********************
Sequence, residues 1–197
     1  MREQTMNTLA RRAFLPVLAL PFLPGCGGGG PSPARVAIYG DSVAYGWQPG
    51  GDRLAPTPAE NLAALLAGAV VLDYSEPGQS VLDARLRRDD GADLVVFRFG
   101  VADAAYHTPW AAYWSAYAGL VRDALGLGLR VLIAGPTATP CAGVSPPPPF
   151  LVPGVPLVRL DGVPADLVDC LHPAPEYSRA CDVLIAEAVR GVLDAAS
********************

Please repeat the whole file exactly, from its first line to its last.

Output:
Sequence, residues 1–197
     1  MREQTMNTLA RRAFLPVLAL PFLPGCGGGG PSPARVAIYG DSVAYGWQPG
    51  GDRLAPTPAE NLAALLAGAV VLDYSEPGQS VLDARLRRDD GADLVVFRFG
   101  VADAAYHTPW AAYWSAYAGL VRDALGLGLR VLIAGPTATP CAGVSPPPPF
   151  LVPGVPLVRL DGVPADLVDC LHPAPEYSRA CDVLIAEAVR GVLDAAS